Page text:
Irish premier Leo Varadkar has dealt a blow to British hopes of a breakthrough in Brexit talks, warning he will not accept a deal that gives the UK unilateral power to halt “backstop” arrangements for the border with Northern Ireland.
Theresa May is expected to brief her cabinet today on proposals to avoid a hard border in Ireland through a UK-wide customs arrangement that would eliminate most checks on goods. To ease Conservative fears that the UK could effectively stay in the EU customs union indefinitely, preventing trade deals with other countries, Downing Street is pushing for a review mechanism that would allow the UK to exit the arrangement.
However, following a telephone conversation with Mrs May yesterday, Mr Varadkar’s spokesman said Dublin would only consider a review mechanism if it was clear it couldn’t be triggered by one side alone.
The conversation followed a report that Brexit Secretary Dominic Raab has privately demanded the right to pull Britain out of the Irish backstop after just three months.
A spokesman for Mr Varadkar said: “The Taoiseach indicated an openness to consider proposals for a review, provided that it was clear that the outcome of any such review could not involve a unilateral decision to end the backstop.
“He recalled the prior commitments made that the backstop must apply ‘unless and until’ alternative arrangements are agreed.” A Downing Street spokesman described Mrs May’s conversation with Mr Varadkar as “constructive”, adding: “They agreed that the intention was that the backstop should only be a temporary arrangement and that the best solution to the Northern Ireland border would be found by agreeing a future relationship between the UK and the EU.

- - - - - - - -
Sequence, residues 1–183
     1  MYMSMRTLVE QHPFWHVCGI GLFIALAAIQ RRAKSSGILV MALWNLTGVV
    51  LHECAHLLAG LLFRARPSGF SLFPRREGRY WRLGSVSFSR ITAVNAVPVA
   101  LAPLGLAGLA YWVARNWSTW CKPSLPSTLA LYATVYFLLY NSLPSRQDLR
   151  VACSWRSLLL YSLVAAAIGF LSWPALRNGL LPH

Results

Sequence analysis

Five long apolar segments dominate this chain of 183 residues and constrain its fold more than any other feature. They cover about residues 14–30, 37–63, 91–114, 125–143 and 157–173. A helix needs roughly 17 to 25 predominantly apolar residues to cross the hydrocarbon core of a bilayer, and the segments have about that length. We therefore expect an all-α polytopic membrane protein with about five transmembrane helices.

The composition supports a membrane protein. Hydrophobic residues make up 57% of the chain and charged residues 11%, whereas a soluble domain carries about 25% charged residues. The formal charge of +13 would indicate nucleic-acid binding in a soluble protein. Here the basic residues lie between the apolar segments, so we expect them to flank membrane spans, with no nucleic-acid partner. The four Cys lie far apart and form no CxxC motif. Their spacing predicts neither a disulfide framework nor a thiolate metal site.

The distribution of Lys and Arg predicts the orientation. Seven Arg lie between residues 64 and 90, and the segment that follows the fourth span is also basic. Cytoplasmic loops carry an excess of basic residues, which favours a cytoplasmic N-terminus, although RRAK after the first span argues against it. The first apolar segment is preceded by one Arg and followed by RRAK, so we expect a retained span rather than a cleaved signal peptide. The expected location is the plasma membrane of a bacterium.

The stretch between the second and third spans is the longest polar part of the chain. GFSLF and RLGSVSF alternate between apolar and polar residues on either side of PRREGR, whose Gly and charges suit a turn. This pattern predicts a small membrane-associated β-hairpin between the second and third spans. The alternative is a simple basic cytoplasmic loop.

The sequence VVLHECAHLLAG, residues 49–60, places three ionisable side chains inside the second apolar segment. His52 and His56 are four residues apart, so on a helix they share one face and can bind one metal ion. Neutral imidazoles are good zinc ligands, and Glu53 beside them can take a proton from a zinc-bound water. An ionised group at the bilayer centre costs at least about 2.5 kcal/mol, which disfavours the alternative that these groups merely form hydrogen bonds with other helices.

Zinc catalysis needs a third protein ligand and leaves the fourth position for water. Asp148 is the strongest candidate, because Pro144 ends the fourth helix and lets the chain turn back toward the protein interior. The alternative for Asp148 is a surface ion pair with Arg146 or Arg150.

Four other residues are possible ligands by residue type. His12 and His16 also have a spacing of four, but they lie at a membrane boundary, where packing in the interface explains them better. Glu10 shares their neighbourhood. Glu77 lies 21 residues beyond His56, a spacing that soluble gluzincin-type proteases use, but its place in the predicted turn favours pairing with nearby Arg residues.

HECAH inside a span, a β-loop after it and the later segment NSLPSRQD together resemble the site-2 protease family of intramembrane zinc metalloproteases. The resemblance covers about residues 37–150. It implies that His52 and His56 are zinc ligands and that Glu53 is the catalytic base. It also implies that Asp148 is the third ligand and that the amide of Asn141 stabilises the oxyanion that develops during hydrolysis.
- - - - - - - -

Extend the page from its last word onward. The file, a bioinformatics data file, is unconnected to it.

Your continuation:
“In order to ensure that the backstop, if ever needed, would be temporary, the Prime Minister said that there would need to be a mechanism through which the backstop could be brought to an end.”
Meanwhile, the European Commission dismissed reports over the weekend that a Brexit deal has been privately agreed after major concessions from Brussels. Insisting that negotiations are “ongoing” at a technical level, the Commission’s chief spokesman summed up progress by telling reporters: “Not there yet.”
Expectations are rising that UK negotiator Olly Robbins will be pressing hard to finalise a deal in Brussels this week, to set the scene for a special Brexit summit later in the month to secure the approval of the leaders of the 27 remaining member states.
But the EU’s chief negotiator Michel Barnier is spending three days away from Brussels on visits to Finland and Slovakia.